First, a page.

Growing Concern Over Recent Pressure From ‘True the Vote’ for Election Officials to Conduct Voter Removal Activities Prohibited by Federal Law
Brennan Center: Erik Opsal, 646.292.8356 firstname.lastname@example.org
Lawyers Committee: Stacie Royster, 202–662–8317, email@example.com
The Lawyers’ Committee for Civil Rights Under Law and the Brennan Center for Justice, together with other partners of the non-partisan Michigan Election Coalition (MEC), today released the following letter sent to Michigan Secretary of State Ruth Johnson asking for transparency and fairness leading up to the upcoming election, and urging that voting rights and procedures in the state comply with the National Voter Registration Act (NVRA).
Coalition partners specifically requested that a clear directive be issued to local election clerks instructing them not to send voter address confirmation mailings, which can lead to removal from the rolls, through Election Day. The NVRA requires completion of all systematic programs to remove voters from the rolls based upon change of address 90 days prior to a federal primary or general election.
The letter, sent on Friday to Secretary Johnson, cited voter address confirmation mailings received by voters in September, within the 90 day window, from local election clerks, which indicated that failure to respond to the notice may result in removal from voter rolls.
“The NVRA balances the need to keep voter registration lists up to date and accurate with a pre-election timetable that prevents last-minute purging. Election-eve purging denies eligible voters a reasonable opportunity to update or correct their registration information, or to re-register,” said Bob Kengle, Co-Director of the Voting Rights Project at the Lawyers’ Committee. “Despite our request in August for the Secretary of State to provide clear instructions to clerks on their NVRA responsibilities, it appears that at least some clerks have sent out address confirmation mailings within the 90-day window, threatening to remove voters from the rolls.”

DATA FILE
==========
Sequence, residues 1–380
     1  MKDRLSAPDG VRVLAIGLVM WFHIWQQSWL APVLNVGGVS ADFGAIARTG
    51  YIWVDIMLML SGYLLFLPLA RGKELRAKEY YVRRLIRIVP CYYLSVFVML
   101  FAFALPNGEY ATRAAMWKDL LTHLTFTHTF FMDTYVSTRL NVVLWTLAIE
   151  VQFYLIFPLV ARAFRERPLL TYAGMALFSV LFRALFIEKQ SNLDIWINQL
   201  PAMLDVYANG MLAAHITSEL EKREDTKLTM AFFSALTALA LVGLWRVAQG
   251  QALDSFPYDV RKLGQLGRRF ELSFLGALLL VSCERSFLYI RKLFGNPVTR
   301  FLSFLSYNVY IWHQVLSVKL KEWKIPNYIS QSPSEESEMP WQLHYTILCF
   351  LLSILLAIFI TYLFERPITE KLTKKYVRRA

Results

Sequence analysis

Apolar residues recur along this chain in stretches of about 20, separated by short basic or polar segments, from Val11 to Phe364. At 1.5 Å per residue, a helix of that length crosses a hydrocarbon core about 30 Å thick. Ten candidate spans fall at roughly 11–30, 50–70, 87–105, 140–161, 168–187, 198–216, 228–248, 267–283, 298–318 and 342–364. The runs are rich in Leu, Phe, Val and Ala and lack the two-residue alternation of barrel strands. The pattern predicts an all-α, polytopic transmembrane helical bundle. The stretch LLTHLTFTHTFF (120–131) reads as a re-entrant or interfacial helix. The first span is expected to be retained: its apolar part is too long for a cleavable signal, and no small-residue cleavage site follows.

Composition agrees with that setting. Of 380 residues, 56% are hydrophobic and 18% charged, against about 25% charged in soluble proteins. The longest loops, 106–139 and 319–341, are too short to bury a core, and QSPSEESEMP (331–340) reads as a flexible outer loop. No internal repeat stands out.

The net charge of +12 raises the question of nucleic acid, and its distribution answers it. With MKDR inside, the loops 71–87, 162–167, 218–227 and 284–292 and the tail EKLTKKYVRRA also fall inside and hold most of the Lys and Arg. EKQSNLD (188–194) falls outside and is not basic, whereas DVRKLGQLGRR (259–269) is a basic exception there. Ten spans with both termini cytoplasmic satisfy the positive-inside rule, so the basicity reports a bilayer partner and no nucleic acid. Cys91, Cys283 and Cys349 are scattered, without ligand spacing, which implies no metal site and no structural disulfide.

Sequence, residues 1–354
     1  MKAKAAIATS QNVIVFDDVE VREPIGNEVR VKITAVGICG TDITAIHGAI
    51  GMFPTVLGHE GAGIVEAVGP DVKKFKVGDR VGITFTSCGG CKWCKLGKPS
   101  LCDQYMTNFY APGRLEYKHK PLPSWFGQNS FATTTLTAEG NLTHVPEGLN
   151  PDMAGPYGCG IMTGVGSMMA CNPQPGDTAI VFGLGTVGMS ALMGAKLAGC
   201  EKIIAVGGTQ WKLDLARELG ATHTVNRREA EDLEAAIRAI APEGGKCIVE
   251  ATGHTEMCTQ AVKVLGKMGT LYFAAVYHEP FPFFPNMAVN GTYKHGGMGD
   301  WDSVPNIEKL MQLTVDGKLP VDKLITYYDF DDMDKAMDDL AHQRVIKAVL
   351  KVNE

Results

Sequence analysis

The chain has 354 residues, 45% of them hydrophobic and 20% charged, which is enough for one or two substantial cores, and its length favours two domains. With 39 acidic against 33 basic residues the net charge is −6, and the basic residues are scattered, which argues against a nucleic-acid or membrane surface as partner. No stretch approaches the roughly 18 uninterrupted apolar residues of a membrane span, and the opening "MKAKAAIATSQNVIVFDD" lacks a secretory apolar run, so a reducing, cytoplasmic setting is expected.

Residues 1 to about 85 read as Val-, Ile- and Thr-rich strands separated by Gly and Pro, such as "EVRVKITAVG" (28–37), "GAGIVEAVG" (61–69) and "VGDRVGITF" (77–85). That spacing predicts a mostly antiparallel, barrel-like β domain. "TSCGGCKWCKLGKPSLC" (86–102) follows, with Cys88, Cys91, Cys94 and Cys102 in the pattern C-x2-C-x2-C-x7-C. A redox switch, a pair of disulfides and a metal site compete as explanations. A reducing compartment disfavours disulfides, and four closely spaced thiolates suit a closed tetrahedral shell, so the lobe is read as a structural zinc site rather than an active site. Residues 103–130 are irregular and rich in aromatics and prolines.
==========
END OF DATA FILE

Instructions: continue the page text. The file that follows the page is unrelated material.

MEC partners made their first request to Secretary Johnson in August 2012, when S.B. 751 was implemented. S.B. 751 requires that registered voters who are sent an address confirmation notice be placed on inactive status, and for those voters to have their ballots automatically challenged if they vote absentee. Members of the MEC were concerned that this new law would confuse local election officials and prompt them to send these confirmation mailings within the 90 day window. To date, MEC has not received a reply from Secretary Johnson in response to the August letter.
MEC’s concerns were heightened when it learned that “True the Vote” had sent letters to some 19 county clerks in Michigan threatening to sue unless each clerk purged their county’s voter rolls before the election.
“It is critical for Secretary Johnson to ensure Michigan has a free, fair, and accessible election,” said Diana Kasdan, counsel at the Brennan Center for Justice, “Federal law prevents these kinds of last minute removal programs. With Election Day less than four weeks away, the Secretary must provide clear guidance to local election officials and protect against these frivolous threats.”
Because address confirmation notices sent within the 90 day period have already confused voters about their registration status and may lead some—including misinformed pollworkers and challengers—to believe that these voters have lost the right to cast a ballot in the upcoming election, the letter also requests that Secretary Johnson clarify the rights of voters who have moved to cast ballots that count on Election Day.